Date of this Version
Earth Surf. Process. Landforms 42, 1011–1032 (2017), DOI: 10.1002/esp.4048.
Identifying the relative contributions of physical and ecological processes to channel evolution remains a substantial challenge in fluvial geomorphology. We use a 74-year aerial photographic record of the Hoh, Queets, Quinault, and Elwha Rivers, Olympic National Park, Washington, USA, to investigate whether physical or trophic-cascade-driven ecological factors – excessive elk impacts after wolves were extirpated a century ago – are the dominant drivers of channel planform in these gravel-bed rivers.We find that channel width and braiding show strong relationships with recent flood history. All four rivers widened significantly after having been relatively narrow in the 1970s, consistent with increased flood activity since then. Channel planform also reflects sediment-supply changes, evident from landslide response on the Elwha River. We surmise that the Hoh River, which shows a multi-decadal trend toward greater braiding, is adjusting to increased sediment supply associated with rapid glacial retreat. These rivers demonstrate transmission of climatic signals through relatively short sediment-routing systems that lack substantial buffering by sediment storage. Legacy effects of anthropogenic modification likely also affect the Quinault River planform.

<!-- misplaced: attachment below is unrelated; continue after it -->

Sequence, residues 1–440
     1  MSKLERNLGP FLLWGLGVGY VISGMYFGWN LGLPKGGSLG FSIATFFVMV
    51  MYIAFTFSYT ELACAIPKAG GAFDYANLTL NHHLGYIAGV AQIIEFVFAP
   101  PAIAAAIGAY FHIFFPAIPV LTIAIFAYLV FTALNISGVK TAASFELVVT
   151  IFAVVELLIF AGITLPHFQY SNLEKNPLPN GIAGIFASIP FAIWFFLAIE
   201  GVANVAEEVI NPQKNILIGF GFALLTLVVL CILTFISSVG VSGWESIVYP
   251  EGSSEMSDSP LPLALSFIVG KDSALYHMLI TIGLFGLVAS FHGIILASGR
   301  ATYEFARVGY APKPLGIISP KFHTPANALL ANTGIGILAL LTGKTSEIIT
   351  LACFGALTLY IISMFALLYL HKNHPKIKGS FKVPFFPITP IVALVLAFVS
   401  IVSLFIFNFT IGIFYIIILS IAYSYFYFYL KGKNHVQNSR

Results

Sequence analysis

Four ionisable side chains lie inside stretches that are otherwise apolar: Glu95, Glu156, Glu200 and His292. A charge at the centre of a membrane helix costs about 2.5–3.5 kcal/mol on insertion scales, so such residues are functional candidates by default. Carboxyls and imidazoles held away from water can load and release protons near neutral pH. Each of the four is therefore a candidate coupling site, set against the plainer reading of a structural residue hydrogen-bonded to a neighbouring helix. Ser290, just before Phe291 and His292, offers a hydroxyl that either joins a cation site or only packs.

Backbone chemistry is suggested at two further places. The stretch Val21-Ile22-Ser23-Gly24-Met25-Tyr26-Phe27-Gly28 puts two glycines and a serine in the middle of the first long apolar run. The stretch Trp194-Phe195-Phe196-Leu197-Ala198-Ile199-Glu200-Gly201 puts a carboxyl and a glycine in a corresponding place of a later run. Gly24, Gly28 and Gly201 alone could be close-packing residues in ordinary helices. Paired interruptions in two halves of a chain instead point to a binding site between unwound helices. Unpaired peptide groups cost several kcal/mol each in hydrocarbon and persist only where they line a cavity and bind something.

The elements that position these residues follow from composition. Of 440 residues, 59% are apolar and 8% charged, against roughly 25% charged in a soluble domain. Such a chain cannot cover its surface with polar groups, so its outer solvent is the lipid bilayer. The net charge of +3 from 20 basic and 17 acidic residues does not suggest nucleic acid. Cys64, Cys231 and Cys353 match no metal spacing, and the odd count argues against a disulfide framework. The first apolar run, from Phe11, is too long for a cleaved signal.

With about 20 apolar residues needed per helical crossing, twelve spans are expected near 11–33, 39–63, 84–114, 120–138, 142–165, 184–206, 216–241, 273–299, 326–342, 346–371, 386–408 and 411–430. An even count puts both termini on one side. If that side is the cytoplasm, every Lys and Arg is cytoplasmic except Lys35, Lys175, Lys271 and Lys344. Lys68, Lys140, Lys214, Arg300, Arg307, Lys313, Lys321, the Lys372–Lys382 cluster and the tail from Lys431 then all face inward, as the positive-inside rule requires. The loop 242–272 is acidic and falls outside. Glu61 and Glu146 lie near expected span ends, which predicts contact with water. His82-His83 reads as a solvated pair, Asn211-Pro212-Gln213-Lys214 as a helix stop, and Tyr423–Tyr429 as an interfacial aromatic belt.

We infer no correspondence between channel evolution and elk abundance, suggesting that trophic-cascade effects in this setting are subsidiary to physical controls on channel morphology. Our findings differ from previous interpretations of Olympic National Park fluvial dynamics and contrast with the classic example of Yellowstone National Park, where legacy effects of elk overuse are apparent in channel morphology; we attribute these differences to hydrologic regime and large-wood availability.